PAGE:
"Glory" and "Amazing Grace" Will Be First Two Films in Four-Part Series
Yonkers, N.Y. - 2015 marks the 150th anniversary of the end of America's bloodiest conflict, the Civil War. In commemoration of the historic events that took place, Philipse Manor Hall State Historic Site has announced the dates for the first two installments of a four-part movie series titled, "Fighting for Freedom." Each film in the series will focus on the topics of slavery and the Civil War. The first two films shown will be "Glory" on Saturday, April 11 at 4 p.m. and "Amazing Grace" on Saturday, May 9 at 4 p.m. All films will be shown at Philipse Manor Hall, located at 29 Warburton Ave. in Yonkers, just blocks from the Yonkers train station.
"Glory" will be shown on April 11. In a country divided, men from all walks of life were drafted or volunteered to fight for their respective sides. Among the enlisted was the 54th Massachusetts Volunteer Infantry, the first all-black regiment. Dealing with discrimination from superiors down to clothing suppliers, the regiment was forced to endure draconian training tactics with substandard supplies in an attempt to break them. With Confederate orders that called for all blacks in Union uniforms to be executed on site, many in the regiment felt that what they were being subjected to would be for nothing, and they would never be allowed to show their merit on the field of battle. But when finally called on to take part in a difficult campaign to take an impenetrable fort, will the 54th be able to rise up and become the rallying point the Union needs?
"Amazing Grace," the second film in the series, will be shown on May 9. While many people across the world were comfortable sitting back and reaping the economic benefits of the Trans-Atlantic slave trade, many abolitionists made it their life's work to end the horrible practice. Taking up that struggle was an energetic, idealistic Member of Parliament, William Wilberforce, who tried for decades to convince Parliament to alter the British Empire's view of the slave trade. Eventually, with his legislation defeated in Parliament and fewer and fewer allies left, Wilberforce's body and mind finally collapsed as he felt his life's work had been for nothing up until that point. Weak, cast aside by his peers, and on the verge of giving up entirely, can Wilberforce find the strength to continue his fight toward the culmination of his life's work? Or will the outside influences keep him down and have the status quo remain in place?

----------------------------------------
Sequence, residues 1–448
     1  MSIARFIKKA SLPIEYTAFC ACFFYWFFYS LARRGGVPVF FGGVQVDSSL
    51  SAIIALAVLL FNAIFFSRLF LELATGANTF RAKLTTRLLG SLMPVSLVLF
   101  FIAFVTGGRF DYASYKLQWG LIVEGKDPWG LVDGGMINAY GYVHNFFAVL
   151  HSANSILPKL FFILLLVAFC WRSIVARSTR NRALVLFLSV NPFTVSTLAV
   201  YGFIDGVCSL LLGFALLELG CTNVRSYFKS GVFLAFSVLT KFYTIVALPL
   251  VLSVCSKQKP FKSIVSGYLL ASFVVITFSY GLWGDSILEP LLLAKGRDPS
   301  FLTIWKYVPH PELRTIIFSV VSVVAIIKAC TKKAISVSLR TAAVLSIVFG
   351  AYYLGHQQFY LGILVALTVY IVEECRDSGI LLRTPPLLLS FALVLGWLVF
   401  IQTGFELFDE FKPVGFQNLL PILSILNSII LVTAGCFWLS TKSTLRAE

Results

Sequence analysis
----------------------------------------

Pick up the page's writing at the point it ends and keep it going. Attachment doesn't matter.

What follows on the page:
All activities for the "Fighting for Freedom" movie series are free, thanks to the efforts of the Friends of Philipse Manor Hall. Guests are encouraged to bring their own refreshments and a blanket if they prefer to watch the movies from the floor. For information or questions, please call Philipse Manor Hall's Public Programs Coordinator, Robert Lee at (914) 965-4027 x102. The next two installments in the movie series are set to be announced soon.
Philipse Manor Hall State Historic Site, the oldest standing building in Westchester County, is located at 29 Warburton Avenue, Yonkers, N.Y. The site is one of six historic sites and 15 parks administered by New York State Office of Parks, Recreation and Historic Preservation - Taconic Region. The historic Manor Hall is regularly open for tours Tuesday through Saturday from 12:00 p.m. to 4:00 p.m. For additional information about Philipse Manor Hall, please visit http://nysparks.com/historic-sites/37/details.aspx. For information on the Friends of Philipse Manor Hall, visit http://philipsemanorfriends.blogspot.com/ .
The New York State Office of Parks, Recreation and Historic Preservation oversees 180 state parks and 35 historic sites, which are visited by 60 million people annually. A recent study found that New York State Parks generates $1.9 billion in economic activity annually and supports 20,000 jobs. For more information on any of these recreation areas, call 518-474-0456 or visit www.nysparks.com, connect on Facebook, or follow on Twitter.